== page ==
There were obviously people who needed to be let go off, too. "Initially the heads needed to be fixed, and that’s what we did. Once the leadership team is in place, it’s a shared responsibility and it reverberates fast. It wasn’t a number game, it was a quality game. My love for Bongs is eternal, and then Navonil (Chaterjee) coming in to head strategy was another critical thing for me. He came in at the right time. A planner is the fuel of a creative person. The two sit and then magic comes out. Uttio (Majumdar) and Suparna (Mucadum) coming in also helped. I’m very happy with the team," says Jauhari.
Life at Everest
Everest is smaller in scale compared to Rediffusion. Could it have been the reason it was also an easier challenge, with lower expectations?
He counters the notion, saying, “I think Everest can potentially outshine any agency in the country. If there’s a pitch for a business, I’m sure Everest can win that. Forget my size or address, I’m a threat to you."
The Group CCO reminds us that Everest handles the largest confectionary and biscuit manufacturer in the world, Parle. He also adds that small teams are far easier to manage in terms of forming cohesive units.
"Everest is literally a dream team right now. Everest was easier to manage, when there’s a smaller bunch of people, and you put in a goal, everyone jumps into get it. The number of people increasing, it becomes more difficult to manage. So that way, Everest was a beautiful ride," reminisces the creative.
He points out that things have moved a great deal. For example, the agency now handles 'literally everything' under the Parle stable.
"It requires the client to believe you can do it for them to give you more of the business," he adds.
There was a time when Everest did more work than Rediffusion, notes the CCO. The 'larger' sibling 'needed a correction' far larger than what was required at Everest when Jauhari joined.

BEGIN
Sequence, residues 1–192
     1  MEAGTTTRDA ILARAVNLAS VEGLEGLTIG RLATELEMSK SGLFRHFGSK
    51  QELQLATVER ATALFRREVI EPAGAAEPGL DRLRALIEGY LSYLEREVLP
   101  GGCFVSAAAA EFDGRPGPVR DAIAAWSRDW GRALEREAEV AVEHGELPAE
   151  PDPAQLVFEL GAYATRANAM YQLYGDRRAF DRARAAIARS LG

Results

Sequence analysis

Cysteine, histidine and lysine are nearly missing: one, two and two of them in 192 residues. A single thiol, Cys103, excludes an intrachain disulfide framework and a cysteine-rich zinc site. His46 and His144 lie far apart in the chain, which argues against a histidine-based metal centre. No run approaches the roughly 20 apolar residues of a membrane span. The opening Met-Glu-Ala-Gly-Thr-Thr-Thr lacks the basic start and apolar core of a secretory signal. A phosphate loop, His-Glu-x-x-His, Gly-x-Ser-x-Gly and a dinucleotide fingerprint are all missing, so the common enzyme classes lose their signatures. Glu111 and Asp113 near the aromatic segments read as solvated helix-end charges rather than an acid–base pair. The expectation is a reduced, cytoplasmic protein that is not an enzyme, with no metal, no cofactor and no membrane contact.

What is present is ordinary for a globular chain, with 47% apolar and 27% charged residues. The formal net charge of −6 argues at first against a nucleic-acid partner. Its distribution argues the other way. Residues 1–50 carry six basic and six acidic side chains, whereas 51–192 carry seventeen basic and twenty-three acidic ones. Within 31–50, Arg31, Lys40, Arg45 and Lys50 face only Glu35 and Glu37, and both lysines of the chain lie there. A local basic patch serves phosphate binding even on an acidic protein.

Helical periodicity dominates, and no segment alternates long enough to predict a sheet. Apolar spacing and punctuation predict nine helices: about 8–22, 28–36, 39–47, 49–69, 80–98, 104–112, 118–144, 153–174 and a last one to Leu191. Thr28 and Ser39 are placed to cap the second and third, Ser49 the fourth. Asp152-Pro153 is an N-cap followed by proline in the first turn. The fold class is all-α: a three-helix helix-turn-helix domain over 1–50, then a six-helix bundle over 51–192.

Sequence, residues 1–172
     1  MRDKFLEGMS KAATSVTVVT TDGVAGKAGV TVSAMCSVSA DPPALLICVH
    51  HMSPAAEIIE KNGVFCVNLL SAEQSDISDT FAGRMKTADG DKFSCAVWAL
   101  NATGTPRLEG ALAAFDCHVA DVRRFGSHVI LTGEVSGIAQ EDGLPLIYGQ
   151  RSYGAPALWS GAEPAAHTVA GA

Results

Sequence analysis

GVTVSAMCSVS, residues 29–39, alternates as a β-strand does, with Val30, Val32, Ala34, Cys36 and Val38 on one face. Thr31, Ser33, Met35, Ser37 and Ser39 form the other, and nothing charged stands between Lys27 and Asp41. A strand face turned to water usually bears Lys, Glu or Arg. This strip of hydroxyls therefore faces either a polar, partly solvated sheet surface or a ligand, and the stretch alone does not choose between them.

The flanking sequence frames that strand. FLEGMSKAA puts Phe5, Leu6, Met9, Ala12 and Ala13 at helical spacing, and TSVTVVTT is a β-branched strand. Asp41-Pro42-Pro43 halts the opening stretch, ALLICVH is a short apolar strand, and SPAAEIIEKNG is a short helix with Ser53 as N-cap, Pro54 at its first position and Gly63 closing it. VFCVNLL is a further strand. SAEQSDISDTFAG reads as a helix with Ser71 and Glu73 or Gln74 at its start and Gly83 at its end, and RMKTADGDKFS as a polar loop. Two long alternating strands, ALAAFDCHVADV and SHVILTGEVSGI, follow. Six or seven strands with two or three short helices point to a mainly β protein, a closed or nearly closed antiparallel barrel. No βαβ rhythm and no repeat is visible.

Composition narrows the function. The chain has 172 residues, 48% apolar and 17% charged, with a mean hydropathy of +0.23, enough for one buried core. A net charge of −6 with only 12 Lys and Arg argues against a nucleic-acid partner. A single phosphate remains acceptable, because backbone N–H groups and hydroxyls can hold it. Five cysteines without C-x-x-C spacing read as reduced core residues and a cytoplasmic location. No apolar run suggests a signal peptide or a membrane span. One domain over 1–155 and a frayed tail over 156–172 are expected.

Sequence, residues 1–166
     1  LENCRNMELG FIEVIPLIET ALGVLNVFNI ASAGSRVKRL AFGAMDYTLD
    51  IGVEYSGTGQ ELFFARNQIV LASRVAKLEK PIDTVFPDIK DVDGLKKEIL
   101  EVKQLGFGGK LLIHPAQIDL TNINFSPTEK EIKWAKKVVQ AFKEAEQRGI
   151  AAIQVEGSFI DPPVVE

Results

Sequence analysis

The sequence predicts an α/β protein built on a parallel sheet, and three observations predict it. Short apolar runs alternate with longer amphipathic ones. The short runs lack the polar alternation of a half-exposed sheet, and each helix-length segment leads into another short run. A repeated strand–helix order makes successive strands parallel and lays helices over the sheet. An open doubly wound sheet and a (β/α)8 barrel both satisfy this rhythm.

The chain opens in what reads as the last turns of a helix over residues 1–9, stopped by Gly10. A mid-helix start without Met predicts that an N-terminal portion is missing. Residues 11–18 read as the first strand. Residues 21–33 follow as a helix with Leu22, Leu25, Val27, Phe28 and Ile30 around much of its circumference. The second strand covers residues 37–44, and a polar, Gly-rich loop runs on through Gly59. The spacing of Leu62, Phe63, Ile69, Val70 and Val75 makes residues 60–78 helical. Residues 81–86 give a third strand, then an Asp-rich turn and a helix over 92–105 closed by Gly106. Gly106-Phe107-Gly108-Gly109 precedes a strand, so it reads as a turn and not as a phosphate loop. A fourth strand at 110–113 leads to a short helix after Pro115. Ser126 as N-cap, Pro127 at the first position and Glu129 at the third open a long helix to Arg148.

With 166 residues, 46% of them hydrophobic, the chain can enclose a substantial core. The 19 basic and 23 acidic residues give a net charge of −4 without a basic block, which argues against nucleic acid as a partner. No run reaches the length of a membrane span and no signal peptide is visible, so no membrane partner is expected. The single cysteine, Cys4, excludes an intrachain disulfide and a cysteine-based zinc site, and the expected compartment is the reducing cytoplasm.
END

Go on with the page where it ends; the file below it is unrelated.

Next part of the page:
And it took time to get the teams in to cater to the larger agency's client needs. But what did not take time was the work, according to Jauhari.
He explains, "That’s the easiest thing for us – to crack an idea and do some good work. It started with the Hamdards of the world. Hamdard was very strong work and was sort of a comeback for the brand and it was noticeable. A very simple old truth in life is – you may not like what I did, you may like what I did, but please don’t ignore what I did. We needed work like that. The point was to get some noise, news and spike and scale and steadiness into work. Rediffusion has been around for a long time but it probably slipped out of the eye for a while.”
Work in progress
Jauhari admits that while the agency has done better, there’s more to come.
He adds, “We are doing better than before, but there is no end point. If someone asks me what’s happening, it’s work in progress. I shouldn’t comment about my work; people should comment about it. And if I go by that parameter, more people have spoken about the agency. They know campaigns and know we’ve done it. The very recent good news is always good news. Cannes turned out to be a blessing for us. We’ve sent entries to Spikes too.” (This interview was conducted before Spikes Asia 2016.)
He reflects, “Usually when you run for a while and pause to take stock, you realise how far you’ve come. We took a pause internally, and put the entire body of work together. We said, ‘Damn, we’ve done some great work’."
It's a different challenge from his Pickle Lintas days and Everest thereafter, but the feeling Jauhari has is one of 'getting there'.
Rediffusion, and the madness within